Wednesday, October 27, 2010

What is Money? – Part IV

10/27/2010 Portland, Oregon – Pop in your mints…

Please follow these links to see previous episodes in this series:
What is Money? - Part I  
What is Money? – Part II
What is Money? – Part III

So we are back to the question, what is money?  Money, dear reader, is a concept that must first be defined.  It is a set of attributes.  Once these attributes are defined, we can begin searching for something that possesses these attributes and then call that “Money.”

For money, does this fit the bill?

What are the attributes that something must possess to be used as money?  To answer this question we will paraphrase a list compiled by Jason Hommel which includes the following attributes that something must possess to meet most people’s criteria of money.  Mr. Hommel expands upon these themes extensively in his writings, which again, I highly encourage you to read at  For our purposes, we will content ourselves with a simple question which should make each attribute clearly understandable:

First, it should operate as a medium of exchange.  Will other people accept this item in trade for something else?  Second, it should operate as a unit of account.  Can the item be easily divided without destroying its value?  Third, it should be a reliable store of value.  Will the item purchase the same amount of goods in ten, twenty, or three thousand years from now as it will today?  And fourth, it should be anonymous.  Can the item be freely transferred amongst parties?

Part of our present financial mess is that money has such an obvious role in society that we assume that what is currently used as money actually IS money.  However, a review of the above attributes and a peek at the quotes related yesterday from Robert H. Hemphill and John Maynard Keynes starkly illustrate that this may not be the case.  Alas, since 1971 in the United States this has not been so.

So what is money?  After reviewing the attributes above and reviewing all of known human history, we can conclude that, in an overwhelming majority of cases, precious metals, namely Gold and Silver, are best suited to serve mankind in the role of money.  As a medium of exchange, they are universally recognized.  As a unit of account, they are divisible with destroying their content.  As a store of value, Gold and Silver are not easily pulled from the ground and coined for use (they cannot be “debauched”).  And as for providing anonymity, they can be freely transferred.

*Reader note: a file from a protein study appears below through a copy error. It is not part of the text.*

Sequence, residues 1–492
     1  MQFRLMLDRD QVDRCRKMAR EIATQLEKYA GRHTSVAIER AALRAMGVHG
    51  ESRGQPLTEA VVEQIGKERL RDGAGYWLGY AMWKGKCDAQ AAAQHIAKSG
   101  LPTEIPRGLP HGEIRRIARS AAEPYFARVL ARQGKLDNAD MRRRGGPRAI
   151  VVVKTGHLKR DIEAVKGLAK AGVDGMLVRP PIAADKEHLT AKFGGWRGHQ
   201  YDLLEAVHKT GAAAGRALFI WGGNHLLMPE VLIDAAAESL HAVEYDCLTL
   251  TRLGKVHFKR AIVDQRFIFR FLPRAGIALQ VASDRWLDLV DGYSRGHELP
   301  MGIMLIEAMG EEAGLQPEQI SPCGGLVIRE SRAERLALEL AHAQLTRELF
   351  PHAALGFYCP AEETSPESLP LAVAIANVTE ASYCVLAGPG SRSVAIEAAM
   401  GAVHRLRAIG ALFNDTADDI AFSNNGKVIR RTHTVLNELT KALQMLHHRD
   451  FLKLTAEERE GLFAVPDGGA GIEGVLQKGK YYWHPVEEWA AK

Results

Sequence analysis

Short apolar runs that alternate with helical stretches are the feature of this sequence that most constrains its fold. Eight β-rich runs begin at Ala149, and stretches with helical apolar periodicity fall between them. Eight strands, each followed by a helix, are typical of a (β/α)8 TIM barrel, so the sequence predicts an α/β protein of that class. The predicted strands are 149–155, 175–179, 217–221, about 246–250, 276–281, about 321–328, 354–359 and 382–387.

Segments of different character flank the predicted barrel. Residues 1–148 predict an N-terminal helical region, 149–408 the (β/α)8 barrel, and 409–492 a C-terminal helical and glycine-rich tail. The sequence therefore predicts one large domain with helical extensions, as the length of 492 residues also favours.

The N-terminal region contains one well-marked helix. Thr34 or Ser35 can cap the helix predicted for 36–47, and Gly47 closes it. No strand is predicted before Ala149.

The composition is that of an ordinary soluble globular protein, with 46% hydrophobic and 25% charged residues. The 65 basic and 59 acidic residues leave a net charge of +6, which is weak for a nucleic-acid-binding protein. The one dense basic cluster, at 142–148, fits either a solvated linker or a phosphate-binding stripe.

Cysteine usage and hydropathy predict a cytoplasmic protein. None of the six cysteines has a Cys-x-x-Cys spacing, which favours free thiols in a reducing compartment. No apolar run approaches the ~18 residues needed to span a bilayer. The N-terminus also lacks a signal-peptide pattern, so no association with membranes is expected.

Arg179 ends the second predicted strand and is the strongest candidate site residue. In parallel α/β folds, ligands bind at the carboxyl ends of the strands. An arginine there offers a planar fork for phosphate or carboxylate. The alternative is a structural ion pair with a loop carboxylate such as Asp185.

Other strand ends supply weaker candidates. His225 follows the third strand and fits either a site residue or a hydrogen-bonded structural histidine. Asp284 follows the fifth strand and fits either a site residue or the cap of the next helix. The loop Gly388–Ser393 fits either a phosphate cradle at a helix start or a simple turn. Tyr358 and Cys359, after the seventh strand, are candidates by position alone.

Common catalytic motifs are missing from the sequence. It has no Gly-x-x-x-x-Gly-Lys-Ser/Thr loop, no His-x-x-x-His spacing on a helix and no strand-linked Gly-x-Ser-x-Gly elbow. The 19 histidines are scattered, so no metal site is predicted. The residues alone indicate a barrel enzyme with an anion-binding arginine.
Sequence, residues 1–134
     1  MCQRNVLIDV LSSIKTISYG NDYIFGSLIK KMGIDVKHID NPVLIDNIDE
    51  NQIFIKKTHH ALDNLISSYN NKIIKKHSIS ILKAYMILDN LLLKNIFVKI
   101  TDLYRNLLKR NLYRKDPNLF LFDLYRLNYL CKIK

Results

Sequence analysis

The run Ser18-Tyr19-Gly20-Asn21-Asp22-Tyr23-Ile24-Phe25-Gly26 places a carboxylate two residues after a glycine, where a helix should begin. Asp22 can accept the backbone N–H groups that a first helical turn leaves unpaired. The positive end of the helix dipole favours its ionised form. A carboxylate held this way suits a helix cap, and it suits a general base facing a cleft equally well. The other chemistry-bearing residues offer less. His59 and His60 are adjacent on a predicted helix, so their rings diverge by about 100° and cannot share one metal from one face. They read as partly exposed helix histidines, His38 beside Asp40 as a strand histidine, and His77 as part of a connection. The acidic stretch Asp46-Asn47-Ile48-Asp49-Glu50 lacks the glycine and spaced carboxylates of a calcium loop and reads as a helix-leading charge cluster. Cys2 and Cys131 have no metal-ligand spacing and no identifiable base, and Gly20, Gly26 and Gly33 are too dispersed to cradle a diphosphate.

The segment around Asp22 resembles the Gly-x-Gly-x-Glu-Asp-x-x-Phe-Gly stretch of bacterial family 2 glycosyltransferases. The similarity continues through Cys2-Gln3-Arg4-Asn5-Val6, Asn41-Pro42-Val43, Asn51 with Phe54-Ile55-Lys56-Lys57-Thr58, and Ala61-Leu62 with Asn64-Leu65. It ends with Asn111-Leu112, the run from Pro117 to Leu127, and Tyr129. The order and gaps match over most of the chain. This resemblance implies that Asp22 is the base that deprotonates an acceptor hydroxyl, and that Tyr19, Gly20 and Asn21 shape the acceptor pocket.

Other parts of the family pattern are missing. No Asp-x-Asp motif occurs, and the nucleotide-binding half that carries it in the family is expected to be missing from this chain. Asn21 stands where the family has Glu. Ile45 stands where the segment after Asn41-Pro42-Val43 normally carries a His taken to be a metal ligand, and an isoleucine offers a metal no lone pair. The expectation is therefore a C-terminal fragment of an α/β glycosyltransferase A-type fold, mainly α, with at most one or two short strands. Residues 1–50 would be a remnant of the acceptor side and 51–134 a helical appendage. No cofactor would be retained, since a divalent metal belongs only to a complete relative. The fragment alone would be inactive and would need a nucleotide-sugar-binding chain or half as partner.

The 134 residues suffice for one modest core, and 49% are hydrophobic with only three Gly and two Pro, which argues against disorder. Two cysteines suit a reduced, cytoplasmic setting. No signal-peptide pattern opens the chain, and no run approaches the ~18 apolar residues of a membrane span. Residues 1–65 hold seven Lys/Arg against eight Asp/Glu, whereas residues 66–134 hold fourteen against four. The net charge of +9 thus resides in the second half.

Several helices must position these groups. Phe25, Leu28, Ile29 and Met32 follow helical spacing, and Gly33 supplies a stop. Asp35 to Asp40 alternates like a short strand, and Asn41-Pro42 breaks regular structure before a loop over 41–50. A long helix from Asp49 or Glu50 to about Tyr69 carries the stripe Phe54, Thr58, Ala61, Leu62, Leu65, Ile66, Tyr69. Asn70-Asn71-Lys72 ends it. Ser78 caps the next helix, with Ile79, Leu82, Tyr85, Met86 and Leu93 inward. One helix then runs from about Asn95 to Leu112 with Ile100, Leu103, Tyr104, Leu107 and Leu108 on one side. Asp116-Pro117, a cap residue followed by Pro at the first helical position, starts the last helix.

Bear in mind that there is no perfect item or element that can be used as money, nor is there a specific command from God to use Gold and Silver as money, rather Gold and Silver, in all of God’s creation, have been found to be best suited to physically embody this concept of money.  The US Dollar, Euro, and all other paper currencies are merely inventions of men and, in 100% of live experiments with their use as money, they have failed catastrophically.  We are currently nearly 40 years into the largest experiment with paper money that the world has ever known.  The disaster that awaits as this experiment ends the way all the other experiments have, dating back to alchemy, simply boggles the mind.

Fortunately, we can return to using Gold and Silver as money, which, apart from merely "fitting the bill" for humanity to use as money, their use by humanity as money has numerous positive side effects for the overall well-being of every single person on the planet.   The most notable and perhaps the basis for all of the other healthy side effects is the incentive to create and conserve capital.  This phenomenon, called Capital Formation, allows mankind to prosper in ways we both currently enjoy and cannot yet imagine.

Stay Fresh!

David Mint

Key Indicators for Wednesday, October 27, 2010

Copper Price per Lb: $3.82
Oil Price per Barrel:  $82.17
10 Yr US Treasury Bond:  2.64%
FED Target Rate :  0.19%
Gold Price per Oz:  $1,335
Unemployment Rate:  9.6%
Inflation Rate (CPI):  0.1%
Dow Jones Industrial Average:  11,169
M1 Monetary Base:  $1,460,900,000,000
M2 Monetary Base:  $7,960,300,000,000